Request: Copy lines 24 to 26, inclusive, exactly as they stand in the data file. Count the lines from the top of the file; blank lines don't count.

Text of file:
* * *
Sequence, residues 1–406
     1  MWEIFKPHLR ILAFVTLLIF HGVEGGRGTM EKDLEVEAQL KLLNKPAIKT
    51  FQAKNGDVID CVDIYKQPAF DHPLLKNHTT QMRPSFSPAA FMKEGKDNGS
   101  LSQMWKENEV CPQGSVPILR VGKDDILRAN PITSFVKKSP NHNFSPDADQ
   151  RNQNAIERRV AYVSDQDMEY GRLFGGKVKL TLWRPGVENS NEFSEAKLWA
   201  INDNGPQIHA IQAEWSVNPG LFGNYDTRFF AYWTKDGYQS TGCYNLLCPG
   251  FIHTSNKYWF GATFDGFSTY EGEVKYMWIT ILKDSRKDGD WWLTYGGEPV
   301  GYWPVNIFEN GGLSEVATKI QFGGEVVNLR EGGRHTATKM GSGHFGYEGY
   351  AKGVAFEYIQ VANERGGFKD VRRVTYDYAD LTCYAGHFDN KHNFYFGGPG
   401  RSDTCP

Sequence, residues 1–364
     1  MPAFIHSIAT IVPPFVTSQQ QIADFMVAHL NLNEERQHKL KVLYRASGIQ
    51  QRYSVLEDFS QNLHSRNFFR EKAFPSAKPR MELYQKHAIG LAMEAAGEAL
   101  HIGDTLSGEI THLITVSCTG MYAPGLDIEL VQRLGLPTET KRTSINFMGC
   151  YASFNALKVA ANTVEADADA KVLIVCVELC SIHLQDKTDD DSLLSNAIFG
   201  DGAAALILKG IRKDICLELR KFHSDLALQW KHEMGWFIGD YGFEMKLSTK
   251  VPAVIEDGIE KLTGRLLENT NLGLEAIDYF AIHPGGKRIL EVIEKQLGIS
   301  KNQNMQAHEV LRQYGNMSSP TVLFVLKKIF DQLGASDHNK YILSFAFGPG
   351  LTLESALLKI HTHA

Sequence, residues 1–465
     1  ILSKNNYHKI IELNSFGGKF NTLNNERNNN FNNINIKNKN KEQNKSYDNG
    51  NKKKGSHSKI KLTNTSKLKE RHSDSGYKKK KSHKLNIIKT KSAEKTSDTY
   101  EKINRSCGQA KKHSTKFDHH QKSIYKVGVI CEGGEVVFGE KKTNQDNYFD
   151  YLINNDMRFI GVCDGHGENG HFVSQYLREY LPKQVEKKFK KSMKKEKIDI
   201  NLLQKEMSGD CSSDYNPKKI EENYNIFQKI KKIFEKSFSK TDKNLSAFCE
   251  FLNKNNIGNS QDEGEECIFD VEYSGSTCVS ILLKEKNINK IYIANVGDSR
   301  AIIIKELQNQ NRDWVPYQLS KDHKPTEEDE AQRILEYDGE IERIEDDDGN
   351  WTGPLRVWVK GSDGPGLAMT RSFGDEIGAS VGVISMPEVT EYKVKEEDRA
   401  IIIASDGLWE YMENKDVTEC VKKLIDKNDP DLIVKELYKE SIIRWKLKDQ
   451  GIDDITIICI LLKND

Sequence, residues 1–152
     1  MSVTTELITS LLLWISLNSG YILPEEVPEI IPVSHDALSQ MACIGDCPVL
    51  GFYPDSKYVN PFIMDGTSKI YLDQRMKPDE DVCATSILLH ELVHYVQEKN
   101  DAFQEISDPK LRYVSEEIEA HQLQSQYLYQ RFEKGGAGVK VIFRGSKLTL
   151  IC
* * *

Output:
   151  YLINNDMRFI GVCDGHGENG HFVSQYLREY LPKQVEKKFK KSMKKEKIDI
   201  NLLQKEMSGD CSSDYNPKKI EENYNIFQKI KKIFEKSFSK TDKNLSAFCE
   251  FLNKNNIGNS QDEGEECIFD VEYSGSTCVS ILLKEKNINK IYIANVGDSR